Researchers from Queen's University, Belfast, UK have discovered that Calanus finmarchicus responded to global warming after the last Ice Age. Experts believe an outcome of climate change is a forced shift in the distribution range of the species. The plankton moved north and has succeeded in maintaining large population sizes. The new finding is significant because it provides evidence that the species has a feature that helps it cope with global warming.
'Our results in contrast to previous studies, suggest that the species has been able to shift its distribution range in response to previous changes in the Earth's climate, and thus 'track' the effects of climate change, a feature which may be of crucial importance in its survival,' explained Dr Jim Provan from Queen's School of Biological Sciences.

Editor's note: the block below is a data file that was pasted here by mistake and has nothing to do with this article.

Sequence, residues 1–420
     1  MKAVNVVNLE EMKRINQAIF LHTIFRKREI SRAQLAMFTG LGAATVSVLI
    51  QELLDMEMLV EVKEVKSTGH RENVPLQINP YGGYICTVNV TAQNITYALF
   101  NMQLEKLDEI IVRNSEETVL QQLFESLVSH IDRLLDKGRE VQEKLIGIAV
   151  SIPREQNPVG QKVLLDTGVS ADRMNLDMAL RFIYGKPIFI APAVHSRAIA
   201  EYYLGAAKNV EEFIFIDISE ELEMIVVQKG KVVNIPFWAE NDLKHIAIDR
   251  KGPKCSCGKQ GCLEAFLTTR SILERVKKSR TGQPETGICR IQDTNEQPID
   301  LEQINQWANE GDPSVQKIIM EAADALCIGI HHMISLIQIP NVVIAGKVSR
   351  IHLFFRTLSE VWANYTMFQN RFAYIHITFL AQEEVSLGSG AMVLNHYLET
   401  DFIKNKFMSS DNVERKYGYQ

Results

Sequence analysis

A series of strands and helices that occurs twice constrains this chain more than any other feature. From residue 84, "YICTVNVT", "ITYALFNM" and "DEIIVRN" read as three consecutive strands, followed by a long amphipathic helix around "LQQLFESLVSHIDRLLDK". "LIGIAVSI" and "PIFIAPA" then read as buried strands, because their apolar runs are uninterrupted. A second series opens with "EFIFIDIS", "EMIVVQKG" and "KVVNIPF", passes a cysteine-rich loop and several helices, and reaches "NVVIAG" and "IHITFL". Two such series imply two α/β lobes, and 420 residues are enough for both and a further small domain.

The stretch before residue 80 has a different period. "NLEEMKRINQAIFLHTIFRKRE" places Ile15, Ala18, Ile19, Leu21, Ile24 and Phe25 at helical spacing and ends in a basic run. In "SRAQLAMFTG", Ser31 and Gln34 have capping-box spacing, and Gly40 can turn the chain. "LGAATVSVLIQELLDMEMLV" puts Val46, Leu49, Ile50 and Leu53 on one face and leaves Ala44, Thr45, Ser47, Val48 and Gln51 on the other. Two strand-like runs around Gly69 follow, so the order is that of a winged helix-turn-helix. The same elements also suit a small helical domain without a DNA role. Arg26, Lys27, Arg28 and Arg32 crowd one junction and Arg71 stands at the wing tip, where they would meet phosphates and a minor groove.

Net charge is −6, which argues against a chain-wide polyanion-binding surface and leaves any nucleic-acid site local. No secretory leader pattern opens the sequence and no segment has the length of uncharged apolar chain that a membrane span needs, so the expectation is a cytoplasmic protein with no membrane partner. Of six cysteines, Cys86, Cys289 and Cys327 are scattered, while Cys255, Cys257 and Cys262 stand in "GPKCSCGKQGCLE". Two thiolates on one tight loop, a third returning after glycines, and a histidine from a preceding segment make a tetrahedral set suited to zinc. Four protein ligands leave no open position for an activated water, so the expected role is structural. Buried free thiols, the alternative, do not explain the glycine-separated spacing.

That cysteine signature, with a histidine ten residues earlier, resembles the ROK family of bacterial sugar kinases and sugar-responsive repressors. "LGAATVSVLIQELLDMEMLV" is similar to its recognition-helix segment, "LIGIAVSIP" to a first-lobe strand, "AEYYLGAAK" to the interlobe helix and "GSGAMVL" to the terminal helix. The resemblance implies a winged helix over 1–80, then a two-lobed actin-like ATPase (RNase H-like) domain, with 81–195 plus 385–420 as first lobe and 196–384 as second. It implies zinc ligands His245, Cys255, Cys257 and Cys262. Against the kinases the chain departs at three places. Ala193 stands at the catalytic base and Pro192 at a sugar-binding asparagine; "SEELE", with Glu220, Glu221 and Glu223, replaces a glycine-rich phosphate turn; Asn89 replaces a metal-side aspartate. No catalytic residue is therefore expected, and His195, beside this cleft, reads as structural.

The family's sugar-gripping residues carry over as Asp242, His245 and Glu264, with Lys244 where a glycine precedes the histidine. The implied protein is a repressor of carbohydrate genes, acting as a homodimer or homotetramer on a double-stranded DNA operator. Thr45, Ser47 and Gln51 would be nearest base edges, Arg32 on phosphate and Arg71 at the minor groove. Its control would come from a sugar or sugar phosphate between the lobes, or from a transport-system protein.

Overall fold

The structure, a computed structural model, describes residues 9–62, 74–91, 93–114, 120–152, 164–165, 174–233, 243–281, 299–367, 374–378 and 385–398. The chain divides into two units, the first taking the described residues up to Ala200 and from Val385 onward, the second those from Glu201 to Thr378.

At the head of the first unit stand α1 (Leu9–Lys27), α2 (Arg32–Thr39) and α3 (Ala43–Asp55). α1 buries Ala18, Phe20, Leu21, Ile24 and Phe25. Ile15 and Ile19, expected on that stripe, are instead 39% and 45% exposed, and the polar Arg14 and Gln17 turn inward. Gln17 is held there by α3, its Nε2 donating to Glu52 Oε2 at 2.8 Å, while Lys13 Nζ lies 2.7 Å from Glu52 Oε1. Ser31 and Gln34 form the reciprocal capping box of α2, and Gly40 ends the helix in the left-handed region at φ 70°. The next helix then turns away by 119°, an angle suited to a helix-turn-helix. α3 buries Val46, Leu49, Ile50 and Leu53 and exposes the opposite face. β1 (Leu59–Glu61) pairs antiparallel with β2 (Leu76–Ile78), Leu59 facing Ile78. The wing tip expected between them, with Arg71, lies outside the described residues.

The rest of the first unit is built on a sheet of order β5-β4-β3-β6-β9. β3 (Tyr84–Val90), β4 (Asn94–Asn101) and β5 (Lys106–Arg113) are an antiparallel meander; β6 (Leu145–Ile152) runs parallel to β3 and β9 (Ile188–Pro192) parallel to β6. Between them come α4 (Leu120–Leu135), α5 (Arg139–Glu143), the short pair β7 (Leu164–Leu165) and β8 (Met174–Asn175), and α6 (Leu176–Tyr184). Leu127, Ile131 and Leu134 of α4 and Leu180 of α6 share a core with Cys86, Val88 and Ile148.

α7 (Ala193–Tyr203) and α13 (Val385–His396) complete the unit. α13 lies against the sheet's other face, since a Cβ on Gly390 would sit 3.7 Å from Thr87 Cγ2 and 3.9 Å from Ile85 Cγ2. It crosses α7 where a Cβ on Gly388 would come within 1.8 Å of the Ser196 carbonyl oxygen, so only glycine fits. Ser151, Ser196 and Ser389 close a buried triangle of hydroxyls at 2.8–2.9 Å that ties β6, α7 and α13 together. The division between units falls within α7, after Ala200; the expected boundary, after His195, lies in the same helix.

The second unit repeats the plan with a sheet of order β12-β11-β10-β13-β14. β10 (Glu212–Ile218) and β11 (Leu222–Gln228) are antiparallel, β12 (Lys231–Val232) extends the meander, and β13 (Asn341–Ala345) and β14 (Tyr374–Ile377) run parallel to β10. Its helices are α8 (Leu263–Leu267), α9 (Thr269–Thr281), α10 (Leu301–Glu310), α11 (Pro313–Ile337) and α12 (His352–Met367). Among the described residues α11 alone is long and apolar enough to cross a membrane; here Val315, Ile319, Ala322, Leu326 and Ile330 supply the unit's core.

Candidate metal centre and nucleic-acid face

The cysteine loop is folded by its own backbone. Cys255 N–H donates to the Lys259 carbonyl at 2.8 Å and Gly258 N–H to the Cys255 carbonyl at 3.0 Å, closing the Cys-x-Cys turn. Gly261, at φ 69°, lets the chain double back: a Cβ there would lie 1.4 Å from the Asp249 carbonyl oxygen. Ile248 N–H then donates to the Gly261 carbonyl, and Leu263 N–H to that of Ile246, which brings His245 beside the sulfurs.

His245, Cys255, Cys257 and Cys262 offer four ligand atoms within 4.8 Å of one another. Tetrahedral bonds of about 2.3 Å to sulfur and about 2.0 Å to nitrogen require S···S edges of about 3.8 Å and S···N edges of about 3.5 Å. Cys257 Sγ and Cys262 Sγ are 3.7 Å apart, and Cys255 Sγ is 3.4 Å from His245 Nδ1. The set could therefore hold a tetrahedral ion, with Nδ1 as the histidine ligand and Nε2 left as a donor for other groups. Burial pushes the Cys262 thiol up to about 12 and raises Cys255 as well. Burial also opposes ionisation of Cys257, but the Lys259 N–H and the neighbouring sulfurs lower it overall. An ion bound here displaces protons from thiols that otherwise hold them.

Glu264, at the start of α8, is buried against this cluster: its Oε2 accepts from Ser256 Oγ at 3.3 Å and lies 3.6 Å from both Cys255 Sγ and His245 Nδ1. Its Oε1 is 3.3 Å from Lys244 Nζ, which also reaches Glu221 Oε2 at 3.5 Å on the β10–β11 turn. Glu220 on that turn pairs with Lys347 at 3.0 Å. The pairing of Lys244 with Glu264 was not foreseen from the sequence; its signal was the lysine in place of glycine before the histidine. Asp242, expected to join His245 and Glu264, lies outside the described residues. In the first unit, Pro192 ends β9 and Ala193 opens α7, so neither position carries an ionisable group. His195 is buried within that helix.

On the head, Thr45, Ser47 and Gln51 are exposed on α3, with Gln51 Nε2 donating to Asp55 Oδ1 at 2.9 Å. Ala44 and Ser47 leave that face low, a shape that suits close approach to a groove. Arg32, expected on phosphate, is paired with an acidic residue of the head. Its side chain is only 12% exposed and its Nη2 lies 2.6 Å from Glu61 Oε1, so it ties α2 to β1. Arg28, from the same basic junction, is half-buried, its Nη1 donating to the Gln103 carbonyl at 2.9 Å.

'The genetic variability of the species — the tendency of the genetic make-up of a population to vary from one individual to another — has remained high, which is good news, and suggests that these animals might be able to track the current change in habitat resulting from global warming and maintain viable populations sizes.'
Dr Provan went on to say that failure of the species to track the change would have a huge adverse impact on its survival. 'It might become extinct and thus threaten the fish species that depend upon it for food,' the researcher said.
He stated that while no one should jump to conclusions as regards the effects of climate change on marine resources, it is better to be vigilant as to what can happen.
Past studies on the Calanus finmarchicus have shown that the number of the species and the size of the population have dropped significantly. 'Decreases in genetic variability' may be the culprit, he said. Such variability may play havoc with the adaptive potential of the populations in future. The researchers of this study believe this could trigger the extinction of species.
Experts have said the species is believed to be one of the most important components of the regional marine food web. The team will continue their work to investigate how the results of the study apply to rapid global warming over the last few decades.